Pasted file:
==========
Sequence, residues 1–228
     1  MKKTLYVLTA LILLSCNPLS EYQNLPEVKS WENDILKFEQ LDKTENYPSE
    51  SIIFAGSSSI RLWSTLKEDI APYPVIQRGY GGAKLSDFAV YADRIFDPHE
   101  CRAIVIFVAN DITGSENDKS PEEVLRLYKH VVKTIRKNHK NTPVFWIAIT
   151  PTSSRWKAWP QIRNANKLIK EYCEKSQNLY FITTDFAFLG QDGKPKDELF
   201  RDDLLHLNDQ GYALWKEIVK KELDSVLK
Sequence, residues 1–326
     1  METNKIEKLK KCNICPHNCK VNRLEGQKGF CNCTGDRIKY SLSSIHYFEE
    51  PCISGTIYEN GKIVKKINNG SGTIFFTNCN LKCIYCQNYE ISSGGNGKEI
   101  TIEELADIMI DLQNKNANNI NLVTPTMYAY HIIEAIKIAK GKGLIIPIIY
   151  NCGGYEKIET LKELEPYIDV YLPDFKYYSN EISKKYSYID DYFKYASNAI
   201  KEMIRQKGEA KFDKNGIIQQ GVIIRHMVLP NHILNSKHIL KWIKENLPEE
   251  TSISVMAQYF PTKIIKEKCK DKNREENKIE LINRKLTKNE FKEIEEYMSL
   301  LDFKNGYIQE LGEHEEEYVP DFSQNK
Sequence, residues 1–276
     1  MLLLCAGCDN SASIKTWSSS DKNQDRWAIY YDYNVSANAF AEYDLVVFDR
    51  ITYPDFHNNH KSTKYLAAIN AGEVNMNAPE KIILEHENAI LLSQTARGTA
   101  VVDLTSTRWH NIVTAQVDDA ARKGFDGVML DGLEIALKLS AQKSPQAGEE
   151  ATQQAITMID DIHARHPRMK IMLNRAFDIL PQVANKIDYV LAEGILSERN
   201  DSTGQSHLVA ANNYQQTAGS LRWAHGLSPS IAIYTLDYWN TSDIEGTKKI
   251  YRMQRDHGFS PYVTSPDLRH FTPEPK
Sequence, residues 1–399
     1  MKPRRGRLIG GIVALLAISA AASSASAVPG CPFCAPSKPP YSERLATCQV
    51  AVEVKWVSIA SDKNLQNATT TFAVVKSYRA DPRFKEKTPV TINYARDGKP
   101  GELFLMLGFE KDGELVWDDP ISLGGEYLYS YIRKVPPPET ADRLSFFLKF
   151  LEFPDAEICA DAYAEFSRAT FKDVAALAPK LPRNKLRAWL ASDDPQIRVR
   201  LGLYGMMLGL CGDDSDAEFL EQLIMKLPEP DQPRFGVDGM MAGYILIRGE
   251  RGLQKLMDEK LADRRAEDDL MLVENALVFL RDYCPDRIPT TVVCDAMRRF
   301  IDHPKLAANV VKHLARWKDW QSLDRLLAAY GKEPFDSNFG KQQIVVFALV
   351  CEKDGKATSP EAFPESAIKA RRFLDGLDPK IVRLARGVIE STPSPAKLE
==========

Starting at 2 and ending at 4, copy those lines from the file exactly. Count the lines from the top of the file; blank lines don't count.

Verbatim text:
     1  MKKTLYVLTA LILLSCNPLS EYQNLPEVKS WENDILKFEQ LDKTENYPSE
    51  SIIFAGSSSI RLWSTLKEDI APYPVIQRGY GGAKLSDFAV YADRIFDPHE
   101  CRAIVIFVAN DITGSENDKS PEEVLRLYKH VVKTIRKNHK NTPVFWIAIT